We know not what effect this decree had upon the breeding of the hawks, but now-a-days they are not at all common on the island. The Robert Huntar alluded to, however, seems to have been fruitful exceedingly; for, at the present day, the name is perhaps the most common in the Cumbraes. The island was afterwards divided into a number of small baronies, and several of these were held by families of the name of Hunter. Latterly, by fair means or foul, these little baronies have been all swamped, and the large Cumbrae now belongs entirely to two titled proprietors, the Earl of Glasgow and the Marquis of Bute. About two-thirds are in the possession of the former, while the remainder is in the hands of the juvenile lord of Mountstuart. The small lairds of Bute and of Cumbrae are now, with an exception or two, among the things that were.

But we are now about to make our personal descent upon these lovely little isles, and must therefore invite thee, gentle reader, to step with us on board the “ Lady Kelbume,” and pursue with us our way adown the Frith.

We have just passed Largs, and are rapidly steaming along shore towards Fairlie. The afternoon is dull, cheerless, and dripping. October has thrown his dark and dreary wing over the earth, and,

“In the scowl of heaven, each face
Grows black as we are speaking.”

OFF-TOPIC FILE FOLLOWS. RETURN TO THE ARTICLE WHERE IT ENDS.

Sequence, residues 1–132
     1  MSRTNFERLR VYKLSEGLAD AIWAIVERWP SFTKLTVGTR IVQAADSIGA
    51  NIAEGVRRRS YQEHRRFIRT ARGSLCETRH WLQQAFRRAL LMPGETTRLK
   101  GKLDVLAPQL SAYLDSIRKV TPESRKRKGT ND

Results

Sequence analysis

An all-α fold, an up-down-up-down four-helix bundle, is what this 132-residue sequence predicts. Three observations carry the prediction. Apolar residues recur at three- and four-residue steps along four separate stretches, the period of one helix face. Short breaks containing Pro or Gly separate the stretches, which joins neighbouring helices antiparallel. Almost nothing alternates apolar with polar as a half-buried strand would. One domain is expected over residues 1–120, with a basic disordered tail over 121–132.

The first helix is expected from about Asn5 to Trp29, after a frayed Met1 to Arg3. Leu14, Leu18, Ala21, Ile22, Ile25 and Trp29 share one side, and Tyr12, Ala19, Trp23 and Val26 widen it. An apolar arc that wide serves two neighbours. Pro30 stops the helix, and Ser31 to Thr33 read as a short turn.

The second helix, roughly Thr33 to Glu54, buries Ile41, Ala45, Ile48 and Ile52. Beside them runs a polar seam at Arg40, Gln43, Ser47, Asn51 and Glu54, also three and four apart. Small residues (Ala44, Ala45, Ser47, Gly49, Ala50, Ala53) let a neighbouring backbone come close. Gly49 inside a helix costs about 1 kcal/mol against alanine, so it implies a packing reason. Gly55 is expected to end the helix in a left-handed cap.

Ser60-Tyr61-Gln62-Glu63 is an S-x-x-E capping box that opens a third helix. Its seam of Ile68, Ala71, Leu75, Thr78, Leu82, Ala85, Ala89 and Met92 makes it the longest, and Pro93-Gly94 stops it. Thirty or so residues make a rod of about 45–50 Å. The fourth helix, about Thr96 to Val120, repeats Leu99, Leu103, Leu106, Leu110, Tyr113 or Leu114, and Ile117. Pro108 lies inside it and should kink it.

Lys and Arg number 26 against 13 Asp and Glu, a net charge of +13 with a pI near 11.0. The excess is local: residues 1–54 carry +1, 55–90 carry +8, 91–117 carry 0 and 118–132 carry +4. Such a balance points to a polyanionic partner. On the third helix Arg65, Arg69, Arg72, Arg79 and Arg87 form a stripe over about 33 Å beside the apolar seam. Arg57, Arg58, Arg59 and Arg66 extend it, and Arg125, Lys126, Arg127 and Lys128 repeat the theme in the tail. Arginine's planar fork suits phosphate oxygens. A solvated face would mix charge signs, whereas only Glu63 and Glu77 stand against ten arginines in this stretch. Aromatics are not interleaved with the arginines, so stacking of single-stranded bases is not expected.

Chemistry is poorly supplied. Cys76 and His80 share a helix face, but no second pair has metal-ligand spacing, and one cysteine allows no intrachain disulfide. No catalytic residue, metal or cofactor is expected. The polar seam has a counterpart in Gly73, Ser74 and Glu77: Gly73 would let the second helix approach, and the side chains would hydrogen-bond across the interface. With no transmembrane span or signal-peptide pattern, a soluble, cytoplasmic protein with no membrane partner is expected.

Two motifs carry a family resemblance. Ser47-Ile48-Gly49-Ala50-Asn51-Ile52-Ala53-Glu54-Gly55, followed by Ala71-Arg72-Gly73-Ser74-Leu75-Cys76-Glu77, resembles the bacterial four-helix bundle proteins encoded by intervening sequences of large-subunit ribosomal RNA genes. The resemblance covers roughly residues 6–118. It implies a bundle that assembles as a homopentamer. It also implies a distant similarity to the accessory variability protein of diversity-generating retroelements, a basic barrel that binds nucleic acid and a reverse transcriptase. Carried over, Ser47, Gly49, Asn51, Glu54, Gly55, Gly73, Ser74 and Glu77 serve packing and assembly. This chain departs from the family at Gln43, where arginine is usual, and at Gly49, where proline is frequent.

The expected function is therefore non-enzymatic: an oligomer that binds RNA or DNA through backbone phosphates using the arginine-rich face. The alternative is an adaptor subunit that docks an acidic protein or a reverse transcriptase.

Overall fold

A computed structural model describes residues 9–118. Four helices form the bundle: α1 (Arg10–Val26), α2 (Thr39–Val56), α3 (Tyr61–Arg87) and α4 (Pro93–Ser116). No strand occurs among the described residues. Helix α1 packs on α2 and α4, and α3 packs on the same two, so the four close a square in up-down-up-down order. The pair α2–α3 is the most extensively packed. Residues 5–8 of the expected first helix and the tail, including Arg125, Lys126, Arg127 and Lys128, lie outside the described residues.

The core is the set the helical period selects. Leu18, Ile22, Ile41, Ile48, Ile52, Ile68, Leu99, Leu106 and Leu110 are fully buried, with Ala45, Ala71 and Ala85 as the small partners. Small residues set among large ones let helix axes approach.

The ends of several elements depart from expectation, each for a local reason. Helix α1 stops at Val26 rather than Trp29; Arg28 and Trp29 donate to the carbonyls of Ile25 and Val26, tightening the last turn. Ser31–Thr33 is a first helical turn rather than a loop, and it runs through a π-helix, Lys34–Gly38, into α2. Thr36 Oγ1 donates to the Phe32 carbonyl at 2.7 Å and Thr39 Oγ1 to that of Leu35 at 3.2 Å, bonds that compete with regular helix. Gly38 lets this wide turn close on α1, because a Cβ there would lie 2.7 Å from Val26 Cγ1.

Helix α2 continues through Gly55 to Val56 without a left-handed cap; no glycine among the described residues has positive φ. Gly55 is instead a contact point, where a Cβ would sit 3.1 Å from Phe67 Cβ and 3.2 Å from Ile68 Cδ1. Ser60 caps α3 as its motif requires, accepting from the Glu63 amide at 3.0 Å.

There is a gloom that can positively be felt on the bosom of the Frith; and as we gaze over its leaping infinitude of undulations, our mind becomes painfully oppressed with shadowy recollections of direst maritime disaster; of ships that went to sea and “ne’er were heard of more" and of lonely sailors buffeted by storm and rain upon the hungry billows, or clinging to the cold and plashy rocks until the watery death had seized them in its chill embrace. The very sea-birds have a weird and ominous aspect as they sweep past us in the haze; and the distant ships, amidst the rainy waste of waves, loom ghastly as the shadows of coming evil. How different from the sunny expanse of the Frith when last we ploughed the bright blue of its autumnal watersI Then all was radiant, and joyous, and beautiful as a summer dream, but “the wind and the rain” have brought about a sad change; and, in the gloom which surrounds us, the eye of fancy recognizes the gloaming of that wintry night into which the aged year is fast descending. The landward features of the passing scene (between Largs and Fairlie) are equally depressing in their influences. There are weeping clouds along the ridges of the hills which, at a short distance flank the river, clouds among the Kelbume woods, and clouds in the adjacent glen, which seems in consequence half-filled with snow. We can see, however, as we pass, the marshalled sylvans of Kelburne arranged in dim lines and squares, in hoary phalanxes and battalions, upon the green sloping braes, and around the old baronial mansion. Like a vast host of shadowy warriors they seem to stand, awaiting the coming foe. Among them, here and there—appearing and disappearing amidst the dark masses, with each successive gust—are those vague and misty forms in which the inspired eye of Ossian saw the spirits of the mighty dead. As we have not the second sight, however, we can only take them for simple films of cloud. White streaks of more determinate character also scar the heights at intervals, and indicate the channels down which the high-born torrents are dinsomely flowing. We cannot hear their voices, nor can we see their flow for distance, which, as Wordsworth says, freezes the stream to the eye, can also rob it of its music. So we pass along the frowning shore as we would pass a picture u seen through a glass darkly,” unto the sweet little village of Fairlie, with its neat villas, its pleasant gardens, and, above all, its grim old castle, which dwells apart upon the bosom of the hill, and seems to look with dim, lack-lustre eye upon the upstart edifices below. Of course it looks doubly gruff on such an evening as this; and, while we gaze upon it, our friend, Alexander Smith’s sonnet to Inversnaid Castle, comes floating through the mind, and we find ourselves repeating the lines—